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Bible Sessions

A Close Reading

In a shocking twist, you’ll have to click here to read the beginning! I’m in the minority as far as Biblical expertise goes, though. I don’t come close to approaching the level of genius found at our top newspapers. Take the Washington Post’s Alexandr Petri. She heard Sessions quoted from the Bible and decided to instruct her readers about this curious book.

Her first lesson was that the Bible is not—I repeat not—the “law of the land.” The legal expert I spoke with—“Tiny” Ed Dobrowski, who once got a parking ticket tossed out—said that this is true. Which is why you never hear passages like the one in Leviticus quoted so often.

Petri didn’t stop with this stunner. “You can find a lot of things in the Bible,” she said.

She found that “Job: As we see in the Bible, God is in favor of making innocent people suffer for no reason whatsoever.” I think she mistook our Father which art in Heaven for her editor, who assigned her this “Job.” That’s a natural mistake for a reporter on a deadline to make.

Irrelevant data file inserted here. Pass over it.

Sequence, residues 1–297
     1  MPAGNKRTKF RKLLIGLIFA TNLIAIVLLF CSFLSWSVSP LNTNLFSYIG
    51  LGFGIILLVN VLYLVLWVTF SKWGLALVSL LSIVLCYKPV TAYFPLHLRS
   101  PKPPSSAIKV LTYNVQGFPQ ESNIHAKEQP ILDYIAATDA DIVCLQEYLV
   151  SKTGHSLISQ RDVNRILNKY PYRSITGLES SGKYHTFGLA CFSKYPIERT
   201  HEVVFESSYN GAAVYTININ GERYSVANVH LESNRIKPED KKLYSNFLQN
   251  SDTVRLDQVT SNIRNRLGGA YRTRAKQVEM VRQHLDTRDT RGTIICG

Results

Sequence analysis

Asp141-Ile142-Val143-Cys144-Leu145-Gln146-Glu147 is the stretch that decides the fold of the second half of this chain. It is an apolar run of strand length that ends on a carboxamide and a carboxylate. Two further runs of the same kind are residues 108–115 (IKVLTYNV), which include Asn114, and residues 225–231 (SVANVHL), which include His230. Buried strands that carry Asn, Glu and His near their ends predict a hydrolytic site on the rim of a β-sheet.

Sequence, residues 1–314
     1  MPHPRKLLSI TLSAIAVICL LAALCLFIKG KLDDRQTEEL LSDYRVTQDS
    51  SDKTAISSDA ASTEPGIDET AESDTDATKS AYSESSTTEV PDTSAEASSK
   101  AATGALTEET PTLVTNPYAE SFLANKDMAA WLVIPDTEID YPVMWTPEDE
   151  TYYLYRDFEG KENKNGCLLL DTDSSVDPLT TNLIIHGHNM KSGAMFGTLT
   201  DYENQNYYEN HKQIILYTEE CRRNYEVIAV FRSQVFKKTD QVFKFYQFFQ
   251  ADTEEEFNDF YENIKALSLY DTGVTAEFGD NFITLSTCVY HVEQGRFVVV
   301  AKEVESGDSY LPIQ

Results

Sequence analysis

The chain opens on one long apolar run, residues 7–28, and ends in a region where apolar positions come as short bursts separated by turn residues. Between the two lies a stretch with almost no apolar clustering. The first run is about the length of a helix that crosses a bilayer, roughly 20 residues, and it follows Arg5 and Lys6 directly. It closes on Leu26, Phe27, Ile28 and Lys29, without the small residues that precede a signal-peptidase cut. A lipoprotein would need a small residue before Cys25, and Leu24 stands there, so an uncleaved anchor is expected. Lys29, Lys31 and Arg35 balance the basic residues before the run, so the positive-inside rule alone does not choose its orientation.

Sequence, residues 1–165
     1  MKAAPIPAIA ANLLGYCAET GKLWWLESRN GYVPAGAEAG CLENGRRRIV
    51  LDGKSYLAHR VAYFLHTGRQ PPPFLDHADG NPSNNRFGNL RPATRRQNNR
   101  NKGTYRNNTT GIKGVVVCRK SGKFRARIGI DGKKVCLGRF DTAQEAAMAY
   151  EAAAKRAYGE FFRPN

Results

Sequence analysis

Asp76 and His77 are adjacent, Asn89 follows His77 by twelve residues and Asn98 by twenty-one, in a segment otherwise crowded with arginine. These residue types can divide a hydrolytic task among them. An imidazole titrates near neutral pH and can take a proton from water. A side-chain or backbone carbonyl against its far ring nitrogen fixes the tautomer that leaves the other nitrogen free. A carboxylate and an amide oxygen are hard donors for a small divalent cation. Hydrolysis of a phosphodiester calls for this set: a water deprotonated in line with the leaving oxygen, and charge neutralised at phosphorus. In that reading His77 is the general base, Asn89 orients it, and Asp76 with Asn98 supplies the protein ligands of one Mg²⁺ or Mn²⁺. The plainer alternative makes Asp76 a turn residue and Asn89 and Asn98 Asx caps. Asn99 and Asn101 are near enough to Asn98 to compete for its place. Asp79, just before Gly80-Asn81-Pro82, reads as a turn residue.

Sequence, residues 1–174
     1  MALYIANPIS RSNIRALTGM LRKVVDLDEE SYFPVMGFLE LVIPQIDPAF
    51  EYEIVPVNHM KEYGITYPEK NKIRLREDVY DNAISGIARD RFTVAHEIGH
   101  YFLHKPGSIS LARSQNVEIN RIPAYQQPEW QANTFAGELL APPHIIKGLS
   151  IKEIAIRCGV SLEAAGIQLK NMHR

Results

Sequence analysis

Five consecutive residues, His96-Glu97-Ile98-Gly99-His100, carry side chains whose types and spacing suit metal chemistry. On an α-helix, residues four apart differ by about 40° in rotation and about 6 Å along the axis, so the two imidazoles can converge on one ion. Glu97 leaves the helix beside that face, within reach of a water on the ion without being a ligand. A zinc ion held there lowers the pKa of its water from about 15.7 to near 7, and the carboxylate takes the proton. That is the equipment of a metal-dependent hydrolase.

But then she also said that “As King Solomon so wisely and clearly admonishes us, babies should be taken from their mothers and cut in half.”

No, sweetie, that’s the Planned Parenthood brochure you’re reading. Not the Bible.

The Other Roman Option

Petri finally came to the Bible and the immigration question. “As the Bible so humanely shows, if you take a baby from its mother and float it downriver in a basket, it will work out fine.” People wanting to cross the border illegally are advised not to try this, however. Wikipedia tells us “Despite its name and length, the Rio Grande is not navigable…nor do smaller passenger boats or cargo barges use it as a route.”

She said that the Bible insists that “If someone objects to the laws of a land,” such as (we imagine) a person trying to cross the border illegally, “authorities are within their rights to punish him, for instance by throwing him into a den of lions.”